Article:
A pregnant person can pass genital herpes to the baby during childbirth. This is most likely to happen if the person has their first outbreak near the time of delivery. Talk to your doctor if you have any questions about herpes and your pregnancy.
Severe complications, although extremely rare include:
- Ongoing, frequent and painful outbreaks
- Ocular (eye) herpes
- Brain infection and inflammation (encephalitis or meningitis)
See your health care provider if you are concerned about symptoms or complications.
Tests and Diagnosis
The best test for herpes involves taking a swab from the sore as soon as possible after it develops. Results will usually come back within 7 to 10 days, but some clinics may take longer.
Blood tests are not routinely done, but in some cases (e.g. pregnancy), blood tests may be helpful. Most blood tests are accurate 12 to 16 weeks after possible exposure to HSV.
A positive herpes test does not tell you how long you have had the virus or where it will show up on the body.
Antiviral medication can lessen the severity of an outbreak, lower the chances of passing the virus to a partner and shorten the time it takes for a sore to heal. Medication works best if it is started as soon as possible after an outbreak begins.
It is not necessary to treat herpes, but you can talk to your doctor or health care provider if you want more information about this medication.
To help with the symptoms of a primary genital outbreak, you can try the following:
- Wear loose-fitting clothing and cotton underwear
- Bathe in warm water to soothe sores
- Keep the area dry
- Apply an ice pack, wrapped in a clean covering, to sores
- Only use medications, ointments or creams as directed by your health care provider
- Take acetaminophen or ibuprofen (over-the-counter pain medication) if needed
- Drink plenty of fluids to keep urine diluted (to lower pain when urinating or peeing)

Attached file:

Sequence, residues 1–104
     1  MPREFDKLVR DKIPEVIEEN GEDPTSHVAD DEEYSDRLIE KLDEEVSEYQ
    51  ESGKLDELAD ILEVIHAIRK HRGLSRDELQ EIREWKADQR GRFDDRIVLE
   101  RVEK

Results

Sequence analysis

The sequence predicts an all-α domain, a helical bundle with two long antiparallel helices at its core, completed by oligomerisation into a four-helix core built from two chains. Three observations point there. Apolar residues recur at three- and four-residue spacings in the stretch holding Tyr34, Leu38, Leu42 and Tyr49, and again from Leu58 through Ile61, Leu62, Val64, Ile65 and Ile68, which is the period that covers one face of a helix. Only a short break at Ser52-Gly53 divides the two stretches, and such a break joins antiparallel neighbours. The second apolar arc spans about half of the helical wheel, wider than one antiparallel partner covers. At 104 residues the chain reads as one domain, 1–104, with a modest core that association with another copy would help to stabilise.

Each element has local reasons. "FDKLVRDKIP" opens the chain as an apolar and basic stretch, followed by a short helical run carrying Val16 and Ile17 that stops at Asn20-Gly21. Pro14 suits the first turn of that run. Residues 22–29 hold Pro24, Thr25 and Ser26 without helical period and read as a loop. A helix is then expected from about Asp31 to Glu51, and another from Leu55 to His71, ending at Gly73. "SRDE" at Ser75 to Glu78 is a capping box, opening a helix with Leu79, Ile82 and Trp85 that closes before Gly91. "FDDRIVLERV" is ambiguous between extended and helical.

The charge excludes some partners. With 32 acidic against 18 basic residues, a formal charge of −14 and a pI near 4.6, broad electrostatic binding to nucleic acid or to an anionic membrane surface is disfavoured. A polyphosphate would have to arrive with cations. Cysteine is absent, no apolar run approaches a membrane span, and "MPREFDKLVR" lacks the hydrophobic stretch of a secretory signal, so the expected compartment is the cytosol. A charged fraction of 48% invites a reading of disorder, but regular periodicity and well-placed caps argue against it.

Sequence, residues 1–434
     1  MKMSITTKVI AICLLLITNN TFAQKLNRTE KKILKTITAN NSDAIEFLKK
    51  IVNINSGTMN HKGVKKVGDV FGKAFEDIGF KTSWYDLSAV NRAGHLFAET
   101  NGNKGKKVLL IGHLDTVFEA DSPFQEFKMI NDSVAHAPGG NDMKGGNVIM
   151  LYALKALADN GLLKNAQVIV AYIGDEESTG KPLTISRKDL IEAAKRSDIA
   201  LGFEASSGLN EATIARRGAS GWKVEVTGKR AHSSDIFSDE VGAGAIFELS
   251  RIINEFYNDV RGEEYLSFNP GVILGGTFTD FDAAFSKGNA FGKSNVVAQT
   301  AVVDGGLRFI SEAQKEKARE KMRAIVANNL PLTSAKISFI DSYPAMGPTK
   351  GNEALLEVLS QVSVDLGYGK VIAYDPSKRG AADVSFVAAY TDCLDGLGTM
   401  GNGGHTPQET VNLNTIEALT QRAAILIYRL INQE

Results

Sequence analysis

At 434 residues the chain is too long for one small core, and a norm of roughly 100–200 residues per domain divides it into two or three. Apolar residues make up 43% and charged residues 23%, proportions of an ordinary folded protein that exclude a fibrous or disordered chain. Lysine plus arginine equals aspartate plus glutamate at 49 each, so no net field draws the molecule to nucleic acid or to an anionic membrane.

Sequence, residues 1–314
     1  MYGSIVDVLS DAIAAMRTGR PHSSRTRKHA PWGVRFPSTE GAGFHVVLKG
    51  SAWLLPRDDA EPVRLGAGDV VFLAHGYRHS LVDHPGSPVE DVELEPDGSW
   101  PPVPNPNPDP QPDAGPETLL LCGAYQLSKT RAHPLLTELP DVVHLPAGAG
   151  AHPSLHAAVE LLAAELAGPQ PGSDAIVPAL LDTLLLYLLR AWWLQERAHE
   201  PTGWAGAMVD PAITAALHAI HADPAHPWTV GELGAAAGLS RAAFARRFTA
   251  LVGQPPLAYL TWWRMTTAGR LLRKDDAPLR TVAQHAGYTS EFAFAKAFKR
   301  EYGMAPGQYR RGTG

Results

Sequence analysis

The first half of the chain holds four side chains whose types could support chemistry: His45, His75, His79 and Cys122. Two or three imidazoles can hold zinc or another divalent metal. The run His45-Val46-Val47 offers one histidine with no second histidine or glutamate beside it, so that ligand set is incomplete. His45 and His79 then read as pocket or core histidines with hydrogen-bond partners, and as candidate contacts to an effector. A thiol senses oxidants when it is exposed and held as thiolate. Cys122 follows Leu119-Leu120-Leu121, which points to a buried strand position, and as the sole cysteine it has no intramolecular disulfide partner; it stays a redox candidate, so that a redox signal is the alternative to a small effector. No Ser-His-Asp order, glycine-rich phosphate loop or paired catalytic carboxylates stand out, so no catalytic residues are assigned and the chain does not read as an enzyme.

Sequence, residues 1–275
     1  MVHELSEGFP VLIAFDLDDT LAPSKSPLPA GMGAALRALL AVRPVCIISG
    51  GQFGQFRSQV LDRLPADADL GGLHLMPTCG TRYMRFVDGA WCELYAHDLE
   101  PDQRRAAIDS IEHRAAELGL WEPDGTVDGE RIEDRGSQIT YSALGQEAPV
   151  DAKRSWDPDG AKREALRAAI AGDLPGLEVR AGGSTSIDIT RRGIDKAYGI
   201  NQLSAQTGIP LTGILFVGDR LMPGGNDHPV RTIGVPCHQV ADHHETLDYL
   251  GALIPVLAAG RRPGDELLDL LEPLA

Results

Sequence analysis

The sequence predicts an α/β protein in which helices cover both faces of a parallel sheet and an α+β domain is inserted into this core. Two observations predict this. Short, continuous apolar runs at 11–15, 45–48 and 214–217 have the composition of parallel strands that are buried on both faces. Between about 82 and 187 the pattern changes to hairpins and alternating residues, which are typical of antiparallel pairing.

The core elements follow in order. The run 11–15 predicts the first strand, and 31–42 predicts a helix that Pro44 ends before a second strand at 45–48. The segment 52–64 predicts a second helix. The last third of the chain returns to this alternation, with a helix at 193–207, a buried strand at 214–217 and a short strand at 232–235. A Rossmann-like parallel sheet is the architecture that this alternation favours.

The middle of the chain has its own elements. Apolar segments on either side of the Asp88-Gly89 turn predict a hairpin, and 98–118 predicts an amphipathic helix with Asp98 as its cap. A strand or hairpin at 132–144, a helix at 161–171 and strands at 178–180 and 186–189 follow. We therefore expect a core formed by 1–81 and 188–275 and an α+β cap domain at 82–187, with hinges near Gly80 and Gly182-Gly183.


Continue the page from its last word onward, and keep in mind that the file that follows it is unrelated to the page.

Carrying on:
- If urinating (peeing) is painful, try urinating in a warm shower or bath, or try pouring warm water over the genitals when urinating
To lower the chances of passing or getting HSV:
- Condoms and dental dams may help to prevent HSV
- You can still be sexual when you have an outbreak, but take care to avoid skin-to-skin contact in the area of the sore (this would mean not having oral sex when you have a sore on the mouth, but genital contact is fine)
- Consider antiviral medication if you have frequent outbreaks
If you have herpes
HSV is very common, but many people worry about how it will affect their lives. Sometimes they feel bad about themselves and worry about how to talk to partners. Most people who have HSV have few or no symptoms. It does not need to get in the way of your sexual enjoyment and relationships.
Helpful herpes resources
These two resources - a detailed 25-page patient's guide and a 4-page handout - have been produced by the BC Centre for Disease Control. You can download or print these booklets for more information on herpes, including testing, treatment, and talking to your partners about herpes.
Download and print this page (below).